A group of health IT and provider organizations want federal officials to issue a proposed rule clarifying the definition of information blocking and the subsequent approach from enforcement officials.
Led by Health IT Now, the group of 13 stakeholders, including the American Academy of Family Physicians, the American Medical Informatics Association (AMIA) and several prominent EHR vendors, recommended that the Department of Health and Human Services clarify its definition of information blocking, which is prohibited under the 21st Century Cures Act.
“We understand that implementing these provisions will require a nuanced approach and believe the best first step for the administration in implementing these provisions is to gain broad stakeholder input,” the groups said in a letter (PDF) to Donald Rucker, M.D., the national coordinator for the Office of the National Coordinator for Health IT, HHS Inspector General Daniel Levinson.
Under the law signed by President Barack Obama in December, the Office of Inspector General can investigate and fine companies and providers that engaged in information blocking up to $1 million per violation.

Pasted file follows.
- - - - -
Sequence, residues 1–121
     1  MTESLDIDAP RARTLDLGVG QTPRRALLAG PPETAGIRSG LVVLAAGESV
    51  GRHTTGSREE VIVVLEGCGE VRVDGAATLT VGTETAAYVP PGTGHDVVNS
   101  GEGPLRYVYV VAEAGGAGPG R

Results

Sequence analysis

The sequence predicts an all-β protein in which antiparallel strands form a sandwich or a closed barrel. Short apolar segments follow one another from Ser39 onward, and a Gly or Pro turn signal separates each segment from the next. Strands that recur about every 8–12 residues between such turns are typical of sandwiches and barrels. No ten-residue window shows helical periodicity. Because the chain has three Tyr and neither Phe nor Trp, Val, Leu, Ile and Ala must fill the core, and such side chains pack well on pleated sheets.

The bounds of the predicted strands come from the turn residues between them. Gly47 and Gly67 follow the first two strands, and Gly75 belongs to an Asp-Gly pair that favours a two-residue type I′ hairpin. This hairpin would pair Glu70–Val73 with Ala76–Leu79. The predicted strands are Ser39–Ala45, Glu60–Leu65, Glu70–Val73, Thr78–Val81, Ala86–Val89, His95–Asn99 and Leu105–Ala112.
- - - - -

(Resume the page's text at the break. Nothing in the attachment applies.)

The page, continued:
Given the potential enforcement implications, the group proposed a discussion session in September to iron out questions like:
- What “reasonable” business practices do not constitute information blocking?
- What constitutes “special effort” in eliminating blocking and promoting interoperability?
- How should patient access be measured?
- What constitutes a "complete record"?
Defining information blocking is one of several priorities under ONC’s new administration, although it will have to do so without a dedicated privacy office. The agency plans to eliminate its Chief Privacy Officer with a potential $22 million budget cut in 2018, and instead lean on the Office for Civil Rights for support.
Meanwhile, one doctor has called for an end to the “shameful” practice of information blocking that interferes with patient care. And a prominent health IT researcher blamed information blocking equally on providers, vendors and policymakers.